Comfortable driving boots for UTV adventures By the staff of Dirt Wheels
There may be a few of us out there who have attempted to drive a UTV with a full-moto boot. Maybe you jumped off your quad and took your buddy’s UTV out for a spin, or you just tried to drive with a moto boot for kicks. Heck, maybe you simply moved your truck while wearing a moto boot. Whatever the case, you probably soon realized wearing moto boots just doesn’t work well for riding. Then there are full-driving shoes, which work amazing, but they are expensive and don’t work well for ATV riding if you need to ride one. Is there something in between?
Sidi has the Gavia boot that was produced for motorcycle adventure riders. The Gavia was also tested in UTVs, and Sidi claims they work tremendously well. We acquired a pair to test that claim and to see if they filled that boot/driving-shoe void.
FIT AND FINISH
Sidi’s Gavia boot is made from Gore-Tex. Gore-Tex is a highly breathable and waterproof material thanks to an integral inner membrane. This material protects your feet from water and mud and creates a breathable barrier that allows moisture from sweat to exit. The Gavia would be considered a half-length boot, and it has an elastic stretch panel in the gaiter area for a perfect fit. There is external outer-ankle protection, along with internal-heel, inner-ankle and toe protection. For foot traction, they’ve incorporated a non-slip rubber sole.
The interior is lined with Cambrelle in the foot area for comfort, and the upper is lined with Teflon mesh, which prevents complete absorption of water and sweat. These materials will not retain water or sweat on the inside of the boot and will dry quickly. Access to the interior of the boot is via an external zipper. When you’re ready to zip them back up, a Velcro strap makes it tight around your lower leg. The Gavia is very stretchable thanks to a multi-paneled arch and Achilles heel area.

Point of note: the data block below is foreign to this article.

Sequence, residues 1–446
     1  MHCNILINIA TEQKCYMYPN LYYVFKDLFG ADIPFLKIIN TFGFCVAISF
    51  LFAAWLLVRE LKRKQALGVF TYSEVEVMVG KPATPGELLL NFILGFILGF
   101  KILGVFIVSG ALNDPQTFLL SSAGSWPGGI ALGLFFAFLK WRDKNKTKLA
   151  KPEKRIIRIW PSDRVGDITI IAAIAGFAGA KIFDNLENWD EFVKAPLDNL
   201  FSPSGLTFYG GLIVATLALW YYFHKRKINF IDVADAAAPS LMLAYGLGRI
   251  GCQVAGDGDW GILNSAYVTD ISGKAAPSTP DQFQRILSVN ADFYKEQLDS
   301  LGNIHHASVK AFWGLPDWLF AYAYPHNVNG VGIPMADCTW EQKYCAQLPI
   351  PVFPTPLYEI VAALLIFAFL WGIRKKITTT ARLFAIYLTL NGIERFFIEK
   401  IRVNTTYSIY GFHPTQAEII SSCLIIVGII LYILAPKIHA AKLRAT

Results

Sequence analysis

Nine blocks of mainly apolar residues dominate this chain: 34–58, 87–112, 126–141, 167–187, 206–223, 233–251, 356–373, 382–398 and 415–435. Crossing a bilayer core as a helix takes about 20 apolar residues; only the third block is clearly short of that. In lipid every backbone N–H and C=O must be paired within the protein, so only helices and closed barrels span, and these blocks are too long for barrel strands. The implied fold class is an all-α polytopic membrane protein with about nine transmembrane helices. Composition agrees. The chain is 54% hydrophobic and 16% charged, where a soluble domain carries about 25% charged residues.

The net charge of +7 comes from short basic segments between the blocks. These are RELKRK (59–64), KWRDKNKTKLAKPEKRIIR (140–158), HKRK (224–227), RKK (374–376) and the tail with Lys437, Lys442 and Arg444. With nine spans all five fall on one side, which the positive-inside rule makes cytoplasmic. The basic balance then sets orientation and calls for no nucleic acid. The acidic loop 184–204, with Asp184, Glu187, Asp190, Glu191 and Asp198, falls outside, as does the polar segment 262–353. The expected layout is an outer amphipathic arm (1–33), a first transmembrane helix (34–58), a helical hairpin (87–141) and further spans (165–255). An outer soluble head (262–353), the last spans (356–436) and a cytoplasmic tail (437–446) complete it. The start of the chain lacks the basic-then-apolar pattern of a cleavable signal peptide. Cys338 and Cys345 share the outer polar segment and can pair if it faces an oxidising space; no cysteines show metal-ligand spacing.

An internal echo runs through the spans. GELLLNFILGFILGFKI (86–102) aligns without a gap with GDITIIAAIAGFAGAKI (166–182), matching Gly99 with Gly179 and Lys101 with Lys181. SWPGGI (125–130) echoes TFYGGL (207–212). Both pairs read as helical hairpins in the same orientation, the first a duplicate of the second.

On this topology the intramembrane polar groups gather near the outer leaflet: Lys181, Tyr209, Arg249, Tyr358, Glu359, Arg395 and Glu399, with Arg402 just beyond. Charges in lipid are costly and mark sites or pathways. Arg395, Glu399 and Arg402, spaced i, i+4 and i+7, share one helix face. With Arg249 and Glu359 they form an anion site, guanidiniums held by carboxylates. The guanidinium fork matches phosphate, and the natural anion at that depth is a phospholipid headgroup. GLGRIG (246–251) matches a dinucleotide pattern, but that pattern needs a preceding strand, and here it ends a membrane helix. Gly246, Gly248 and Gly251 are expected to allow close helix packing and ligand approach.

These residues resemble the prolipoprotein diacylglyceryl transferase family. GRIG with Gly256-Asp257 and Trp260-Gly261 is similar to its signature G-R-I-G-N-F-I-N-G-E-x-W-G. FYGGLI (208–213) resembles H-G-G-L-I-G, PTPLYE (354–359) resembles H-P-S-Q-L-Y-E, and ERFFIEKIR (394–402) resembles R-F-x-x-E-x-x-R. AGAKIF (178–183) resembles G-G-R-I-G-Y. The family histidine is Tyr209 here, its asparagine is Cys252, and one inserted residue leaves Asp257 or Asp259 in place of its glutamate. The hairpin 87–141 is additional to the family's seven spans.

For our test, we hopped in our XP Turbo RZR four-seater. The test area was a desert terrain riddled with rocks, tight corners and fast roads. The first thing we noticed is how flexible the boot was. The Gavia fit extremely well to our feet and closed tight to our legs. While driving, we didn’t feel any restrictions to the lower portion of our legs or our feet, unlike a full-moto boot where “standing on it” has a whole new meaning. When driving with one foot only, the boot didn’t hang up on the pedals or anything else in the cab. Driving with two feet at the same time also resulted zero hang-ups or issues. The XP Turbo had the stock doors which have a big open area where mud and water can enter. We blasted through a river crossing, and water did enter the cab, but with the Gore-Tex material, our feet remained completely dry. The non-slip sole, even when wet, kept our feet firmly planted on the pedals.
Just for fun, we hopped on our Honda Rubicon and rode with the Gavia boots on. They were so flexible and were a dream to ride a quad with. They offer as much protection as a work boot, so we wouldn’t suggest these for racing or riding sport quads, but for 4×4 quads they work well.
The Sidi Gavia filled the driving/riding-boot void for us. We were impressed with how flexible they were, and getting them off and on was a breeze. Even when we were walking around or hiking up small hills, they were like wearing a hiking boot. They offer great comfort, driving performance and protection. They also worked well for trail riding on the ATV. If you’re looking at getting driving shoes, we suggest you consider these functional driving boots as a great option. The Gavia Gore-Tex driving boot retails for $250 and come in adult sizes. To get a pair of your own or for more information, visit Sidi’s U.S. distributor at www.motonation.com or call (619) 401-4100.